What Is Operating Cash Flow?

By Indeed Editorial Team

Updated February 22, 2021

Published February 4, 2020

The Indeed Editorial Team comprises a diverse and talented team of writers, researchers and subject matter experts equipped with Indeed's data and insights to deliver useful tips to help guide your career journey.

Operating cash flow is a cash value accountants calculate to determine how much money a company has to invest in operations. It's an important measure of how a company is doing financially. When positive operating cash flow exists, business leaders and stakeholders can invest in infrastructure and resources that make working conditions more efficient and scale for additional growth. In this article, we'll tell you about operating cash flow and why it's important.

What is operating cash flow?

When businesses generate spendable cash from regular business activities, the measure of this figure is called operating cash flow. When in the positive, it's indicated that the company has positive cash flow to fund business activities. Without operating cash flow, businesses must seek capital to make investments in their own success from other sources like investors and lenders.

Sometimes called "cash flow from operating expenses," it's a value that appears at the top of a balance sheet and indicates cash brought in from regular business duties, like manufacturing or selling products, or providing a service to customers. This insight serves as a foundational metric that indicates the financial success and security of a company.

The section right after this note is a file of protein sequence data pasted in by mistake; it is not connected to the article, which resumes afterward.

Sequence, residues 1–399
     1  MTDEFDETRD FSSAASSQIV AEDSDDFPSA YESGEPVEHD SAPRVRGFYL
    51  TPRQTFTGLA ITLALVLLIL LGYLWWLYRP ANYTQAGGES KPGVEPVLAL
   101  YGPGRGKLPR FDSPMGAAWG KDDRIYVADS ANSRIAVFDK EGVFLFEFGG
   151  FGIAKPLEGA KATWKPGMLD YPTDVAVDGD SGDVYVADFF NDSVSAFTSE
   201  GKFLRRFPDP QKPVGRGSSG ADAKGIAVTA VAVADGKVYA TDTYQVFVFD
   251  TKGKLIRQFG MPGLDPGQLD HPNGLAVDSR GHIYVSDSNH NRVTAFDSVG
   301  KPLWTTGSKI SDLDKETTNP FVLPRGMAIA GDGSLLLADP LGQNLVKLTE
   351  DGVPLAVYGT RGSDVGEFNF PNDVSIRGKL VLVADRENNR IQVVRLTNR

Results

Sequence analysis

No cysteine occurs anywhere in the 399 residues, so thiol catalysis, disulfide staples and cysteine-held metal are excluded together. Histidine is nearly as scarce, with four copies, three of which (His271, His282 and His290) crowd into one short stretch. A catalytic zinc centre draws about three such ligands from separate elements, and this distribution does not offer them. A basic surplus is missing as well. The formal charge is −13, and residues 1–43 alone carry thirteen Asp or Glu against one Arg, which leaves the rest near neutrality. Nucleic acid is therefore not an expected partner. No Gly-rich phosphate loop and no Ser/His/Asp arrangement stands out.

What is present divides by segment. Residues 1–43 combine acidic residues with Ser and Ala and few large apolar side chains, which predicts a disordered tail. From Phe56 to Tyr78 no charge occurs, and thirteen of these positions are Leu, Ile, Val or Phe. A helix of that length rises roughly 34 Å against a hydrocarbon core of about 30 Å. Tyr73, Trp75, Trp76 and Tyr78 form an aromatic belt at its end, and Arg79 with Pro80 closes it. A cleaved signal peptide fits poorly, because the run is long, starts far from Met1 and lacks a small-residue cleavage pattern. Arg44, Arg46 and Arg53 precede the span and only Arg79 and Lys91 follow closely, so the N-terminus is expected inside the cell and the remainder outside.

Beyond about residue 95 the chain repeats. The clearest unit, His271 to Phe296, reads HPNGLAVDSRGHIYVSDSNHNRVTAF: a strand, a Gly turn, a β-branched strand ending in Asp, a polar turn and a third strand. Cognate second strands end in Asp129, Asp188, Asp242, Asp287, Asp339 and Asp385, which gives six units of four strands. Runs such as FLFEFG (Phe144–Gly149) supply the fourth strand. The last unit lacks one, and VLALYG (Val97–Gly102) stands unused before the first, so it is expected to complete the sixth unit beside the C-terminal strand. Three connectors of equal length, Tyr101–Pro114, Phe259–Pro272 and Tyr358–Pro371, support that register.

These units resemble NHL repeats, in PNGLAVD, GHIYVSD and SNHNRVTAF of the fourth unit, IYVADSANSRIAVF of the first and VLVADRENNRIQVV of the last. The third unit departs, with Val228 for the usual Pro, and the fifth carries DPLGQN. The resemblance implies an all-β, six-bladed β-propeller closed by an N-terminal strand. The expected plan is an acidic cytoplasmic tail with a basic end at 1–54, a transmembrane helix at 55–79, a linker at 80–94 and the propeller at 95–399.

Operating cash flow (OCF) appears on a document called a cash flow statement that displays the in-flow and out-flow of all cash in a business. The cash flow statement is usually a combination of information taken from balance sheets and income statements and can be presented either directly or indirectly, as described in more detail below. A cash flow statement is a report document that displays how well a company manages cash, based on the amount of cash and cash equivalents the company has coming and going.

Why is operating cash flow important?

Financial analysts use operating cash flow as a means of determining the real financial health of a business. It's a strong measure because it isn't generally influenced by one-off anomalies. For this reason, it's useful for offering a clear picture of financial standing.

For example, a large boost in revenue from a big booking could temporarily inflate some numbers and make the company seem more successful. Similarly, a surplus in operating cash flow without a high net revenue could indicate other issues, like a balance sheet that has accelerated depreciation calculations and multiple fixed assets. This is financial data the company can use to make business decisions that change how they are positioned in the marketplace.

Finally, using this information can provide insight for business leaders as to what innovation, infrastructure and new resources they can afford without borrowing money. Operating cash flow helps businesses compete better by allowing them to make advances that propel them forward in the marketplace.

Related: 5-Step Strategic Management

How to present operating cash flow

There are two primary methods for presenting operating cash flow on a cash flow statement. They are direct and indirect and will be described in detail below:

1. Direct presentation